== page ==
Good review on Open Left of the movie The Mist. Saw it yesterday and found it a compelling and creepy blend of John Carpenter's Thing and Arthur Miller's Crucible.
To those who love the Stephen King novella on which the movie is based, yes, Mrs. Carmody still gets hit in the chest with a can of peas but she has taken on special significance as a character in the Bush era. One critic of the movie says "What scares me? Cancer. Osama bin Laden. Teenagers. But not a giant land octopus." Well, what scares me is a fundamentalist Christian in the White House appointing zombie end-timers to scores of government posts. The movie presents a twin abyss: the Lovecraftian horror of unexplained, utterly malevolent forces and the dark human tendency to listen to people with voices in their heads when things get frightening.
An interesting interchange occurs in the back of the alien-besieged supermarket after the land octopus and other critters have struck: a small group of characters confess to each other they have no faith in human nature, and believe that everyone else in the store will eventually succumb to the non-stop persuasions of a Christian millennialist who sees the aliens as harbingers of the apocalypse. This is increasingly plausible: millions of Americans believe they will be levitated into space when Jesus returns, and we have seen Biblical zealots (some phony, some not) reach the highest levels of government power in the last decade--Tom Delay, anyone?--with a special boost from a particularly mind-boggling mass crime.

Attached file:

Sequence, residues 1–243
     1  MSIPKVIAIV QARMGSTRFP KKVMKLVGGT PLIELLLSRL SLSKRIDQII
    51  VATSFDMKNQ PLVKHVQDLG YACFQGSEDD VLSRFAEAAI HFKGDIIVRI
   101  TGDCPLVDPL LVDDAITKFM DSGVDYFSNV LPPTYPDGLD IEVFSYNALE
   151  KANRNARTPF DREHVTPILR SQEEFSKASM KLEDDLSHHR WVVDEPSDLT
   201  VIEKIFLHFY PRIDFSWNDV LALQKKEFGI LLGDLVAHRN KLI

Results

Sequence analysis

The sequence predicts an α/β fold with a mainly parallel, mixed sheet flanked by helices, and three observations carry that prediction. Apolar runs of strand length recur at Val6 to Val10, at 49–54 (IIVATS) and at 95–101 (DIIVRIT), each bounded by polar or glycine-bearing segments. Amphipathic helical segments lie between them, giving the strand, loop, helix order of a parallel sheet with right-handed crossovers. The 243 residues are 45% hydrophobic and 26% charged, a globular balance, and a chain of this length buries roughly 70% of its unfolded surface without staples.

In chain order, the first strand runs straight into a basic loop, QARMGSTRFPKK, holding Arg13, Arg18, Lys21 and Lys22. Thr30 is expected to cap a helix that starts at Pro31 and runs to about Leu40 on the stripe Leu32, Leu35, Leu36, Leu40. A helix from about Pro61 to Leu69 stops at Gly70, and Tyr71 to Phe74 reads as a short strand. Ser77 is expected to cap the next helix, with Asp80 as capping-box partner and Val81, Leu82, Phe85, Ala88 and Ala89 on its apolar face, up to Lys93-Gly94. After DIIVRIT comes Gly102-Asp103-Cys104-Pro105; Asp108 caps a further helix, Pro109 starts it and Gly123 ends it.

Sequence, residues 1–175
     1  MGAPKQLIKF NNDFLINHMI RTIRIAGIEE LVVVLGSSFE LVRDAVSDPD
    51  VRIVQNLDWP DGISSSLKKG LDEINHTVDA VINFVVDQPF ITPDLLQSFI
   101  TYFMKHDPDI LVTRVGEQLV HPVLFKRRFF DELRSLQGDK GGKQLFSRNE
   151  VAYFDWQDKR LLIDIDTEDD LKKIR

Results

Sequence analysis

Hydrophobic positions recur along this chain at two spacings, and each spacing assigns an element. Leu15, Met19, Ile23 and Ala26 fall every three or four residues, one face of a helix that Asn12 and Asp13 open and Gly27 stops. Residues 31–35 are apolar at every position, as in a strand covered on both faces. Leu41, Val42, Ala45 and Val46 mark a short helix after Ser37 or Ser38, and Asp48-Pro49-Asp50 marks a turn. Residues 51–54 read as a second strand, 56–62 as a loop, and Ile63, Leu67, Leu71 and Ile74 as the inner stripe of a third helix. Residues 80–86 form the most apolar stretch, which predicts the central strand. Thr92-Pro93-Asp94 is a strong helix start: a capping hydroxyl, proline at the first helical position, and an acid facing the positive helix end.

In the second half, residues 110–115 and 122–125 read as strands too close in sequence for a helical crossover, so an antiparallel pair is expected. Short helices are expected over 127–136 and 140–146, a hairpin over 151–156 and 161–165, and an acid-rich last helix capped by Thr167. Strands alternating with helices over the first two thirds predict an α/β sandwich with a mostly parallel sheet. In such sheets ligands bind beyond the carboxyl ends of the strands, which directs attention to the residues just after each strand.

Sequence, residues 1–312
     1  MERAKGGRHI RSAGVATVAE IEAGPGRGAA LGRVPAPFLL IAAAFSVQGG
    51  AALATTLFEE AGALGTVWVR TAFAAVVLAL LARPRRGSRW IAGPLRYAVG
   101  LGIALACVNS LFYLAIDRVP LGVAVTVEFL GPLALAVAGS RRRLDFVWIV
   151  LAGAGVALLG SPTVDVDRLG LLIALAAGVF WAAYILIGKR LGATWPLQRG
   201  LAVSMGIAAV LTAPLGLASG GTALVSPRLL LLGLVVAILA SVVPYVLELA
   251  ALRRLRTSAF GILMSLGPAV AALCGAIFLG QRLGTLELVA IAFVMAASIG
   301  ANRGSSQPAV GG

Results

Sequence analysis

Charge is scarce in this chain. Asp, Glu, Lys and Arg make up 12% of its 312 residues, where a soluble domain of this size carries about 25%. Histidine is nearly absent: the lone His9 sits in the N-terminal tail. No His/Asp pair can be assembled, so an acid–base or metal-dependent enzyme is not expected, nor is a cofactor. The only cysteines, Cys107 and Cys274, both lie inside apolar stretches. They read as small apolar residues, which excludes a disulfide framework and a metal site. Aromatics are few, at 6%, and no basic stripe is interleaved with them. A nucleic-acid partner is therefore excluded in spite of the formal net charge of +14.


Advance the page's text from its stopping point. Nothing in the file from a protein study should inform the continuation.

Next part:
By the end of the movie only a handful of people remain who have some belief in rational, empirical, Enlightenment-style principles. They are literally embattled, surrounded by knife-wielding religious converts. The creepy crawlies delivering face bloating stings and bursting out of chests and such could be taken literally, but one could also see them as an occult double of our political culture, an increasingly ugly world where torture is official policy and statesmen must swear fealty to an invisible, omniscient God or be tarred as "anti-family."